Facial plast Surg 2010; 26(5): 376-384
DOI: 10.1055/s-0030-1265025
© Thieme Medical Publishers

Autologous Fat Grafting Viability: Lower Third of the Face

Jonathan M. Sykes1 , Vanesa Tapias2 , Lee L.Q. Pu3
  • 1Facial Plastic and Reconstructive Surgery, Department of Otolaryngology/Head and Neck Surgery, University of California, Davis, Sacramento, California
  • 2Pontificia Universidad Javeriana, Bogota, Colombia
  • 3Division of Plastic Surgery, UC Davis Medical Center, Sacramento, California
Further Information

Publication History

Publication Date:
17 September 2010 (online)

ABSTRACT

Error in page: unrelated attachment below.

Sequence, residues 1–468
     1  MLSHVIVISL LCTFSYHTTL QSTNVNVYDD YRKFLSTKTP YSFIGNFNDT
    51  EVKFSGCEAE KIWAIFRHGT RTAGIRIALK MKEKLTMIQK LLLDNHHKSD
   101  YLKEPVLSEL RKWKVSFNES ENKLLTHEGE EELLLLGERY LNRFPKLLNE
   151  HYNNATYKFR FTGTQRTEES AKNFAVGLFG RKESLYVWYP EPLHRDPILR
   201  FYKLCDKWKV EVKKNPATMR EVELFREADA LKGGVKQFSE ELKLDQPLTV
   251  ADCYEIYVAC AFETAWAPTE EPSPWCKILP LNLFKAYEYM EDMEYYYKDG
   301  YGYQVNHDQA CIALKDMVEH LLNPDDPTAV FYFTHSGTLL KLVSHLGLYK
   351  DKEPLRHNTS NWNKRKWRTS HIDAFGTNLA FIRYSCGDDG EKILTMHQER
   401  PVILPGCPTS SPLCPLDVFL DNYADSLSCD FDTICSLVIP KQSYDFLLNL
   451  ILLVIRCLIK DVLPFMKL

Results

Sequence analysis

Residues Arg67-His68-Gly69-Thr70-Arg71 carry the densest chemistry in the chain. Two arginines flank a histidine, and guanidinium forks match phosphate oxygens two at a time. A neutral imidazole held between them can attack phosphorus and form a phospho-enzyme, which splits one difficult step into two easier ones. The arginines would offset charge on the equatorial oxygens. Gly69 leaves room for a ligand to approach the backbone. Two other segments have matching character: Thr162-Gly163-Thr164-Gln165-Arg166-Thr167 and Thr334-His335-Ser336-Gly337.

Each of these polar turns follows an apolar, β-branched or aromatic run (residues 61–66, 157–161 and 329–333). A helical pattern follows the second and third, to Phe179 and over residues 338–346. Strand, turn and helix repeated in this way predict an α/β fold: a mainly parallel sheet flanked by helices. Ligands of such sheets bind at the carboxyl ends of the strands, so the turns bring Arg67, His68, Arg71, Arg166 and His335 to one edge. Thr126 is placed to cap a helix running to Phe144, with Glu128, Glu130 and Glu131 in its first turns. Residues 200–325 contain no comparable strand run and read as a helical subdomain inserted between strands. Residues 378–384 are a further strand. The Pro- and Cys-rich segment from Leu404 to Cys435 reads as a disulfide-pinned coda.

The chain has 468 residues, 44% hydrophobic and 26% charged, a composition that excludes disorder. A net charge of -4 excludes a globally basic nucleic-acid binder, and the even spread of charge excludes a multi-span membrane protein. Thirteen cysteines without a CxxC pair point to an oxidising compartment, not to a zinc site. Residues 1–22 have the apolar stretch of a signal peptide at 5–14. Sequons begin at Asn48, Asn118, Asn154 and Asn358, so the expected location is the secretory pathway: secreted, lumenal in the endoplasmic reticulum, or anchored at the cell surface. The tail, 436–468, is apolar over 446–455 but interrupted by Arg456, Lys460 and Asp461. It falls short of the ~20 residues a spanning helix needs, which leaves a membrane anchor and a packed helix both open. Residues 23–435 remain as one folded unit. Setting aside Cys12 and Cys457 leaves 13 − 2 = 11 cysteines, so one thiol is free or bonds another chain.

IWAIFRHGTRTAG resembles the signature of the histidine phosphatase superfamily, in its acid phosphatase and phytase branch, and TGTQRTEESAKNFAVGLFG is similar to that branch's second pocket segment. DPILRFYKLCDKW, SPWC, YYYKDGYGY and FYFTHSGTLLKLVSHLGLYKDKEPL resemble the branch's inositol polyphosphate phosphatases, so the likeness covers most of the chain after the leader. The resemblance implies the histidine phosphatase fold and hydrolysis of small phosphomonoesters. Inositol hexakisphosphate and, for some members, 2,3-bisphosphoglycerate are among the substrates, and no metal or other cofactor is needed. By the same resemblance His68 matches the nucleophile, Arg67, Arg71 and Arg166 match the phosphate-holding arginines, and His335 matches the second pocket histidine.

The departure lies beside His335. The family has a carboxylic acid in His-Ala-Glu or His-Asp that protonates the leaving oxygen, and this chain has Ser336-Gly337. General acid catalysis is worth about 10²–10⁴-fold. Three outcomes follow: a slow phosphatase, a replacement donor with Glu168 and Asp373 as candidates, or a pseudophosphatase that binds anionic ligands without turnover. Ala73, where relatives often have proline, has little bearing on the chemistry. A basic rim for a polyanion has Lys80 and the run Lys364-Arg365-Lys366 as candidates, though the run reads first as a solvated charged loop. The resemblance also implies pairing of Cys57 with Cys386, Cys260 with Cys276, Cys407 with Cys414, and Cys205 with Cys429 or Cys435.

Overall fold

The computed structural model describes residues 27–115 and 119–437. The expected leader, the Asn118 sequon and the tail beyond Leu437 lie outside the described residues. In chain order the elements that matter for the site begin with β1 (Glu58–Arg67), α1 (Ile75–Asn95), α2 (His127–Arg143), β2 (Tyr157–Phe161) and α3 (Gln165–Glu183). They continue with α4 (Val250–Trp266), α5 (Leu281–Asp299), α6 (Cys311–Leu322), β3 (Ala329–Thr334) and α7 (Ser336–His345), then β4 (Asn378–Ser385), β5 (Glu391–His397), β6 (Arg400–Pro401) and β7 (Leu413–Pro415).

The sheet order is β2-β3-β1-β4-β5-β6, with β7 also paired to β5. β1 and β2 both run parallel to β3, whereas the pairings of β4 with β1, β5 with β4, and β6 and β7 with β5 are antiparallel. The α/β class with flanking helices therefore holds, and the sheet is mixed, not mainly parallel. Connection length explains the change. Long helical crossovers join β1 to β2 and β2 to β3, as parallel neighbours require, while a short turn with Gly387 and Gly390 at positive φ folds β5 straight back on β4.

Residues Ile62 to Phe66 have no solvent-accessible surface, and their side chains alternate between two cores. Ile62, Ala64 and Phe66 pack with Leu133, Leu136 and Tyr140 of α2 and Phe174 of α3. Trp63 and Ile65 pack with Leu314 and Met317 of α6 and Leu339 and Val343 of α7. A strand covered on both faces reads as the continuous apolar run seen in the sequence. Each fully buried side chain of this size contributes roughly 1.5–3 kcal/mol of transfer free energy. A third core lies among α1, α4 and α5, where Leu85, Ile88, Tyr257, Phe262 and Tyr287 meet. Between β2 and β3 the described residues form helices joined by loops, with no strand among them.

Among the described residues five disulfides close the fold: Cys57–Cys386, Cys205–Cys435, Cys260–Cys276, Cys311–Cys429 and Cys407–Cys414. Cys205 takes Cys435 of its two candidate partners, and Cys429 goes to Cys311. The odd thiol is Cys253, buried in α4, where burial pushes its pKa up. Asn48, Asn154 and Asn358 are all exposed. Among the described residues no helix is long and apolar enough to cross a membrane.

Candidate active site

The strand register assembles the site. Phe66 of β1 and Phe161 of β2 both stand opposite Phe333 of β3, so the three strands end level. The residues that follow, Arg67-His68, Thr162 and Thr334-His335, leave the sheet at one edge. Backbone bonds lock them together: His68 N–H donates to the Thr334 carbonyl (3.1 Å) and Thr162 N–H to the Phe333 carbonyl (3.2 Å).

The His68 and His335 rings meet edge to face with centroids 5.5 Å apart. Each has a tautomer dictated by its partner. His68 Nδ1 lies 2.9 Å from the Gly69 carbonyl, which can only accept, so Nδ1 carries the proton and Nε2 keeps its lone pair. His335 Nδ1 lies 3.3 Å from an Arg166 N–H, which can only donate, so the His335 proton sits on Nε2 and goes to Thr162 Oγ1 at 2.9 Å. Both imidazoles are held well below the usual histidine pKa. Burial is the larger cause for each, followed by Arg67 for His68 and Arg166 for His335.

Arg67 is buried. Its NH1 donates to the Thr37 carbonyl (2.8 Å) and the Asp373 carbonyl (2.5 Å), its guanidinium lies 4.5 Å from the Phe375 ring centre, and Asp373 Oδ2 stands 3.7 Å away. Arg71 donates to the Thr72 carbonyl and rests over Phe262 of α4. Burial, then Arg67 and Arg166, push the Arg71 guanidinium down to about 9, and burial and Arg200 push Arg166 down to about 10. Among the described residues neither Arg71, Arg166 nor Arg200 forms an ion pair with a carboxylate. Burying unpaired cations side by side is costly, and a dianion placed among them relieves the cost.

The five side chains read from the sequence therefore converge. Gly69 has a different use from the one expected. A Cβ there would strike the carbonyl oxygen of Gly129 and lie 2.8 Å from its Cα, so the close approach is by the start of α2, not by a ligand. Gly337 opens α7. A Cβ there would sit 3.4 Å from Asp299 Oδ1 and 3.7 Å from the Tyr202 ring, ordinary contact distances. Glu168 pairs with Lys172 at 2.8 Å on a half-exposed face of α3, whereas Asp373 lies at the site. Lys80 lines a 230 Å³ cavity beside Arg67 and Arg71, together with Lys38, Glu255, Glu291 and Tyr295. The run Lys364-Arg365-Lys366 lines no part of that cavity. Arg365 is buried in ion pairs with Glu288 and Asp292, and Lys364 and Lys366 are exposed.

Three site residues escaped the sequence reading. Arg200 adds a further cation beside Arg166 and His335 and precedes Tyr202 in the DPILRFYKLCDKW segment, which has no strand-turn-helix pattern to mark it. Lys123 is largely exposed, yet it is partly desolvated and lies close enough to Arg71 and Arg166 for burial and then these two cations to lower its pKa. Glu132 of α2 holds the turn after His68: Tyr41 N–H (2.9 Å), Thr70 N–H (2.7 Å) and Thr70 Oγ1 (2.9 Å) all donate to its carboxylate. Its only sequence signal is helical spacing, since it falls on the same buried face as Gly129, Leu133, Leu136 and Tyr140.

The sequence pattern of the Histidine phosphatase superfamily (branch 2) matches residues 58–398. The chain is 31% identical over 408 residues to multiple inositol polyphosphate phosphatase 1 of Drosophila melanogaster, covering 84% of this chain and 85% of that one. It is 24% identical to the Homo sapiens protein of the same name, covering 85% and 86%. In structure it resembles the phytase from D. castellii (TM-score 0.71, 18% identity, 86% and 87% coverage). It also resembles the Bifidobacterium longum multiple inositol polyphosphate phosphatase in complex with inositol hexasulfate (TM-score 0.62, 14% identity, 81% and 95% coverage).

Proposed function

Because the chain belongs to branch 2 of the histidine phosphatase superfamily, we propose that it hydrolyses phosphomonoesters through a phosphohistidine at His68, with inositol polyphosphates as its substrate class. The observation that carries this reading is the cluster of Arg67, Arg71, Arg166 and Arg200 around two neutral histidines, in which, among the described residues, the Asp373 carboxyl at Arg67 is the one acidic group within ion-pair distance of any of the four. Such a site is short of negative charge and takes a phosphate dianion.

The process of aging is the result of subcutaneous loss of volume, in addition to vertical tissue descent. Surgeons are therefore emphasizing soft tissue augmentation to achieve a natural, rejuvenated appearance in patients. Autologous fat grafting is now a commonly performed aesthetic procedure. Autologous fat grafting is a challenging procedure, due to the fragile characteristic of adipose tissue. Viability of transplanted fat is a main consideration when fat grafting is performed. Poor fat viability produces an inadequate result and thus can be considered as a complication of this procedure. Many studies have demonstrated that fat longevity is dependent upon handling and preparation of fat. This article outlines the history of autologous fat grafting. The technique of fat grafting is described, along with review of the evidence of fat viability according to the technique used. The specific technique for autologous fat grafting in the lower third of the face is described including augmentation of the labiomandibular fold, lips, chin, and the jaw.